If Your Company Were a Date, Would You See Them Again?

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Woman walks out on man with spaghetti on his head at a restaurant.

When looking for a romantic partner, you seek someone with whom you have things in common, someone who aligns with your values and beliefs. So why wouldn’t you do the same when looking to work for a company? A typical work week in the US is 8 hours a day, 5 days a week. That’s a lot of time invested into an employer, meaning it’s incredibly important that you truly understand a workplace before you dive in and join it.

Evaluating a company or a new role is an important step before making any large career decision. Whether you are interviewing for a new position, thinking about leaving your current one, or simply want to ensure your current company is the right fit, here are some red flags to evaluate before making any final decisions.

  1. Lack of Transparency. Corporate transparency is important for building and maintaining trust with employees. Dating someone who is constantly hiding things from you is often a deal breaker–the same should go for your company. Transparency implies clear communication, which allows for better expectation management and even increased work quality. All of these aspects lead to an improved company culture, as employees will feel more comfortable voicing their needs and concerns.
  1. High Turnover Rate. High company turnover is often a sign that an organization suffers from culture problems, such as making their employees feel uncomfortable or undervalued. On first dates, people often ask why a previous relationship failed. Likewise, you should feel comfortable asking a company why the last person who held your role decided to leave. If you are noticing a lot of your coworkers leaving your current workplace, talk to them and see if you are able to identify the root of the issue. If you are an owner or in management and notice this problem with your employees, a workplace culture audit is a helpful way to clarify and address internal problems.
  1. Lack of Passion/Excitement. Just as we look for a partner who excites us, if a company or role doesn’t inspire some passion in you, you will likely find that you are not happy there or with the work you perform. This dissatisfaction often leads to accelerated burnout, causing a decrease in productivity and work quality. And prolonged burnout can impact your overall mental health. If you find yourself starting to lose interest in your current role, evaluate what aspects you do and do not like. From there you can seek out opportunities to grow and projects that feature the elements you enjoy, whether within your current company or somewhere new.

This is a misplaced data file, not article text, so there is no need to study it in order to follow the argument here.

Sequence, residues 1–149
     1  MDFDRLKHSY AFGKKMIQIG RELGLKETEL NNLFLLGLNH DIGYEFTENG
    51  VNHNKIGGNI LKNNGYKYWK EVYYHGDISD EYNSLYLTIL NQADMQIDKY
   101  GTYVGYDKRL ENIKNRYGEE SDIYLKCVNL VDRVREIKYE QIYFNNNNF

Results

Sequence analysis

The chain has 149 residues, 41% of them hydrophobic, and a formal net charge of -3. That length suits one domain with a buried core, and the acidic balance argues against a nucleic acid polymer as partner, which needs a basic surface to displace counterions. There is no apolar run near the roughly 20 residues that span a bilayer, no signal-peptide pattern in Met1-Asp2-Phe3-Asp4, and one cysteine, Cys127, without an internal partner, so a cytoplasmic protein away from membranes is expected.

1. Negative or Toxic Work Culture. Your work environment should not give you high school flashbacks of bullying or being made to feel inadequate. Just as having a supportive partner is key to a healthy relationship, feeling supported at work by your team and the company as a whole is crucial for producing quality work and fostering a healthy workplace culture. One of the biggest red flags a company can wave is failing to have a system for reporting and addressing concerns, or having a system that doesn’t work. Ensure that your company has either an HR department or designated person responsible for HR-related complaints and that it sincerely listens to its employees. You wouldn’t date someone who never listens to you, so why would you stay at a company that doesn’t listen?
  1. Trust Your Gut! Most importantly, trust yourself. Your gut instinct can tell you a lot about how you are experiencing a situation. Sometimes you simply have a feeling that someone is not the right romantic match for you, but you can’t quite put your finger on why. At times, the same goes for a company: you determine that a particular company or role isn’t the right fit because you can feel it deep down, even if you don’t yet have the words to articulate it.

It is often said that you do not have to settle to find a partner. The same goes for a workplace or role. That doesn’t mean you’ll necessarily find a job that’s so enthralling that you prefer it to sipping a margarita on the beach, but it does mean you don’t have to accept a sense of dread every time you get ready for work.

A job should produce meaningful satisfaction in your life and a company should provide a healthy workplace culture that builds you up. So, ask yourself if you see any of the red flags above. If you don’t, that’s great news–it seems like you’ll be back tomorrow. But if you see a lot of them, it might be time to excuse yourself to the restroom…and never come back.